From Linda Weyerts, Class Teacher: The writing samples and drawings you see here are from our four-week block on map making and our four-week block on local mammals. Expository writing skills develop from the rich vocabulary of natural science and a multi-sensory approach to narrative.
We began our geography and natural science studies with the First People and their sense of the Sacred in nature. The students listened to Abenaki and Algonquin creation stories and legends told orally, followed by field studies and observations of weather, trees, animals and landscapes.
Children today need more time outdoors to develop their understanding of the natural world. This process of students learning the curriculum of “ Natural World Literacy” at Orchard Valley begins in third grade with the farming and gardening work in fall and spring. Our nature studies in fourth grade include the world of animals in their natural habitat.
This fall we have been exploring the local landscape and learning about how maps are made, starting from our own classroom out in ever widening circles. As the first snow fell, we began to notice what mammals live in our meadows, orchards, and riparian margins as we learn about the science of winter tracking.
This hands-on experience is one way our students enter into a fresh understanding of the living systems of the natural world. In the context of forest ecology reflects a new capacity in the child to care for the environment of self, home, family, and community in ever widening circles.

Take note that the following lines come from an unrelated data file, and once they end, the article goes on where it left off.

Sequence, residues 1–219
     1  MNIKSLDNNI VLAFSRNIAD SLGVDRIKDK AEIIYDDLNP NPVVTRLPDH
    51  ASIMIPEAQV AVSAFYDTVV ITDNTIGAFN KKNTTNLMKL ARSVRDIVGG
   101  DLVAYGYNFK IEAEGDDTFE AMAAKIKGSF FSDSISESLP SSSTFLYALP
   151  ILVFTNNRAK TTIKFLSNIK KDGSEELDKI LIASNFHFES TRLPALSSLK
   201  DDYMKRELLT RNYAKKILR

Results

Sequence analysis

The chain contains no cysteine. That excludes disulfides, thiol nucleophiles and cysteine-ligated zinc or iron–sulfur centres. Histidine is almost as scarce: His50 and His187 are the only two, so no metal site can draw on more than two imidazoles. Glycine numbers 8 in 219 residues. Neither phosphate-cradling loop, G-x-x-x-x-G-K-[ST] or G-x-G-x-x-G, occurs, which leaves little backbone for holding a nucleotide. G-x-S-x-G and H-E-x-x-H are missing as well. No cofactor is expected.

Living Like Abenaki People by Caleb
I am SharpEagle. I am a boy who lives in a village by the water. I just got a new canoe so I decided to go hunting. I pushed my boat from the shore on Hunt day. The water was calm and I could just make out a loon in the distance. I drew an arrow and shot. I hit it and paddled over and brought it home. I had a goodmeal that night. My day ended around a nice fire.
Life Along the Winoski River by Miloe
Today is hunting day. I woke up and had fish for breakfast. I went outside to get ready to go hunting. I got my bow and went into the woods. I saw a deer and pulled the bowstring back. I shot the arrow. It hit the deer. I skinned the deer and pulled it to my village. We had a great feast to celebrate.
Today is Tuesday. I woke up to see fog on the lake. Later on I saw a great blue heron. Then I went hunting and got a deer. I brought it home and ate it for dinner and went to bed.
Life Along the Winoski River by Wyatt
Today I am going on an adventure. Two days ago I helped build a canoe with my family. I think I am going to ride Step High, my horse, to the boat. I rode along side my brother, Brown Deer. When we got to the river my father said, "Kaya, go fetch the food from our basket," and I did. When we were in the lake I asked if I could go swimming. Father said, "yes!"
I dove in. the water felt cool. I swam lower and saw a lot of fish; cat fish, king fish, and trout. I came up with a cat fish. Father was surprised!